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7 WAYS TO NEGOTIATE FLEXIBLE WORKING

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Emily Bain's tips on how to negotiate flexible working

Are you thinking, 'how can I ask for a flexible working arrangement?' Recruitment consultant Emily Bain has some tips for you... 

Asking for flexi work today is now an automatic statutory right (well, after being employed for 26 weeks). But when I was on my first maternity leave it wasn't and I wondered if I could ever go back full-time to my role at a top recruitment agency in London.

My friend and colleague Claire Gray were in the same position. We soon realised we needed to be our own bosses, so we set about establishing a recruitment company of our own on our terms. We built it up gradually around our families and now, seven years on, Claire and I are directors of a thriving business. We still only work three days a week each and flexi hours are available for those that need it on our team too. What’s good for our staff is good for business.

Our combined skills make for a great team - I’m the business developer while Claire runs the day-to-day operations and it really is the strength of our partnership that has enabled flexibility and growth. Here are the tips we offer candidates keen to negotiate *and win* flexible working terms.

 

1. Be organised and pre-empt the ‘no’s’

Before you negotiate, be aware of the potential no's, and consider the sensible solutions. On the acas.org.uk site, which offers advice for both employers and employees, it lists some of the reasonable turn-downs as, ‘an inability to reorganise work amongst existing staff’. Before they can use this line on you, find a trusted colleague who is willing to the cover the extra hours you can’t work.

2. Suggest a job shared is a problem halved

ACAS also say, ‘an inability to recruit additional staff’ would be a reasonable turn-down for flexi work. Seek out other parents already employed in the company that you know are desperate for a job-share and sound them out about working together and putting the pair of you forward to your boss.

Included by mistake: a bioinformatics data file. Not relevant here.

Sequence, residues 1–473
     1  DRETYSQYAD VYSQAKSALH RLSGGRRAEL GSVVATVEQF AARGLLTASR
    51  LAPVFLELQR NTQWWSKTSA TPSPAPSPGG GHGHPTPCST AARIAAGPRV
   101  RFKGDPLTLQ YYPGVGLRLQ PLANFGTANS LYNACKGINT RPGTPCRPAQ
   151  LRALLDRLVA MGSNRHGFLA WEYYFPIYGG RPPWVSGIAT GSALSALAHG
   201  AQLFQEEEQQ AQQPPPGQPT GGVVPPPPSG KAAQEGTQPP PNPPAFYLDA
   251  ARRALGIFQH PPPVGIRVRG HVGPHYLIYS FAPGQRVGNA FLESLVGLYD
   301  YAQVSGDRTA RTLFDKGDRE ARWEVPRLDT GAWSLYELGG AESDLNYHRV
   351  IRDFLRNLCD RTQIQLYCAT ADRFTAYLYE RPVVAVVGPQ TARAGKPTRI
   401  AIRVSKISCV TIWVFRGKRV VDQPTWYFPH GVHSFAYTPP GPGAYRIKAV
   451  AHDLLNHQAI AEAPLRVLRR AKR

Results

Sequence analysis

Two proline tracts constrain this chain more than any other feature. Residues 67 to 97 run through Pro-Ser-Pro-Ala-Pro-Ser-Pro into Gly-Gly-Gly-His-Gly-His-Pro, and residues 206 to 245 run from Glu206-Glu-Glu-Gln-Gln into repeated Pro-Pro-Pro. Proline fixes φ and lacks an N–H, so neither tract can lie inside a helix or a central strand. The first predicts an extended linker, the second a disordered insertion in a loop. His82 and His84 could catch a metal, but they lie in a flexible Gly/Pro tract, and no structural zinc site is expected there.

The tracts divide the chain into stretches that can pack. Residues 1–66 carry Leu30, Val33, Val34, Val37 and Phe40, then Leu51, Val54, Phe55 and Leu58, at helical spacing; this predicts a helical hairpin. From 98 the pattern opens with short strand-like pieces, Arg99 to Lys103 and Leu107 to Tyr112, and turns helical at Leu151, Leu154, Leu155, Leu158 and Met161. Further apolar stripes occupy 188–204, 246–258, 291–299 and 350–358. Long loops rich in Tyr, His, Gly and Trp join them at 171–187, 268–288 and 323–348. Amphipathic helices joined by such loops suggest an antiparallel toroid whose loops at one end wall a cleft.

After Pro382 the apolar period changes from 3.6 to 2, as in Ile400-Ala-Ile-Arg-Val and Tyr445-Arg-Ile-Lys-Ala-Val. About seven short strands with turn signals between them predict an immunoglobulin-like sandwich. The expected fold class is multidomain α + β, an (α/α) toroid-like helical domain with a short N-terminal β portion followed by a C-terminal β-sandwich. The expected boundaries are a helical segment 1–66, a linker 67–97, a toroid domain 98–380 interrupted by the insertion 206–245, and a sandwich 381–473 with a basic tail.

3. Highlight minimum impact, maximum gain

Never suggest taking without giving. Sell-in the benefits to your current or prospective employer of working that 7-hour, 9-5 day into alternative blocks of time like, say, a 7-2. And clearly demonstrate how your preferred timings will be low impact. Will the timings chime with your peak work times which in turn will lower your personal stress and boost your productivity? Take a look at the Citizen’s Advice Bureau’s checklist for more flexi-working advantages.

4. Present your job in terms of tasks not hours

Be creative with the solutions you offer. Everyone knows a two-day job worked in chunks over three days, or making up the hours of an evening when baby has gone to bed, will mean you’re one step ahead for the next working day. Talk about super-efficient.

 

5. Put a positive spin on OOO

If your boss isn’t yet running skype catch-ups, google hangouts and still prefers face-to-face, it’s time you streamlined their systems for the digital age. Not only will you get brownie points for future-proofing the biz, it puts the spotlight on operational efficiencies rather than your needs alone. Which makes it so much easier to put in that flexi working request after baby arrives.  It’s all about playing the long-game.

 

6. Be ‘virtually’ available

If the remote OOO plan doesn’t stick, but you fancy permanently waving goodbye to your commute, consider taking on a Virtual PA role from home. VAs are booked project-by-project and it’s about the tasks completed, rather than the 9-5 hours worked that matter most. Got a laptop, wifi and a phone at home? You’re good to go. And you don’t even need any contacts, as executive support agencies can instantly connect you with well-paying, flexible clients.

 

7. Start-up your own business

If none of this works for your current or prospective boss, don’t panic. There’s no better time than maternity leave to try something new or even pursue that no-brainer of a business idea you’ve been kicking around for months. All you need now is a like-minded mummy friend to realise it with.  #WorkThatWorks 

 

:: Emily Bain is the co-founder of Bain and Gray, an executive support recruitment agency that matches high-profile clients with talented staff. 

Emily Bain and Claire Gray 

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